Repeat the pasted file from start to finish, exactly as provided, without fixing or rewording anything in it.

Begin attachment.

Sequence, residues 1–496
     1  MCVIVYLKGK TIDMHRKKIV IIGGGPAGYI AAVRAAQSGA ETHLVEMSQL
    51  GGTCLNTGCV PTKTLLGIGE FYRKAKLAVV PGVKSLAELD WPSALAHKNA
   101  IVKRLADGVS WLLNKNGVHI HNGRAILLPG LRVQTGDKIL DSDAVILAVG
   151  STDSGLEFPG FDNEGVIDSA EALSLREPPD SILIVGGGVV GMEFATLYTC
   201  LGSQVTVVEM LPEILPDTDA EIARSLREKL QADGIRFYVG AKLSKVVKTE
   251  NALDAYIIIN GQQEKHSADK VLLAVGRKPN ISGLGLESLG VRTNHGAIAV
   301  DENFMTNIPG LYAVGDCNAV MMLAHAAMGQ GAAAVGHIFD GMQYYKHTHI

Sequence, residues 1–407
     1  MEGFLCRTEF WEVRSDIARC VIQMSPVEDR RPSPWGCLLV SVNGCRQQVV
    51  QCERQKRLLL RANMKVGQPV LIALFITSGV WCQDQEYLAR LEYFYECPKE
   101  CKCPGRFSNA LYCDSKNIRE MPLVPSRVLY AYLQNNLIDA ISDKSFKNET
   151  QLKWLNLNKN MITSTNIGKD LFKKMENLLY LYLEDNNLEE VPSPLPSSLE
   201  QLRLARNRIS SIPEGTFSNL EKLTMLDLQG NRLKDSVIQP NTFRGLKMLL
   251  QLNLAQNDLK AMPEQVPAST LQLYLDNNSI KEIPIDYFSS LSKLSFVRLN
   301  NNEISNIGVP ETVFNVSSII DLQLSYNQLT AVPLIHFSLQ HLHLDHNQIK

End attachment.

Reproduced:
Sequence, residues 1–496
     1  MCVIVYLKGK TIDMHRKKIV IIGGGPAGYI AAVRAAQSGA ETHLVEMSQL
    51  GGTCLNTGCV PTKTLLGIGE FYRKAKLAVV PGVKSLAELD WPSALAHKNA
   101  IVKRLADGVS WLLNKNGVHI HNGRAILLPG LRVQTGDKIL DSDAVILAVG
   151  STDSGLEFPG FDNEGVIDSA EALSLREPPD SILIVGGGVV GMEFATLYTC
   201  LGSQVTVVEM LPEILPDTDA EIARSLREKL QADGIRFYVG AKLSKVVKTE
   251  NALDAYIIIN GQQEKHSADK VLLAVGRKPN ISGLGLESLG VRTNHGAIAV
   301  DENFMTNIPG LYAVGDCNAV MMLAHAAMGQ GAAAVGHIFD GMQYYKHTHI

Sequence, residues 1–407
     1  MEGFLCRTEF WEVRSDIARC VIQMSPVEDR RPSPWGCLLV SVNGCRQQVV
    51  QCERQKRLLL RANMKVGQPV LIALFITSGV WCQDQEYLAR LEYFYECPKE
   101  CKCPGRFSNA LYCDSKNIRE MPLVPSRVLY AYLQNNLIDA ISDKSFKNET
   151  QLKWLNLNKN MITSTNIGKD LFKKMENLLY LYLEDNNLEE VPSPLPSSLE
   201  QLRLARNRIS SIPEGTFSNL EKLTMLDLQG NRLKDSVIQP NTFRGLKMLL
   251  QLNLAQNDLK AMPEQVPAST LQLYLDNNSI KEIPIDYFSS LSKLSFVRLN
   301  NNEISNIGVP ETVFNVSSII DLQLSYNQLT AVPLIHFSLQ HLHLDHNQIK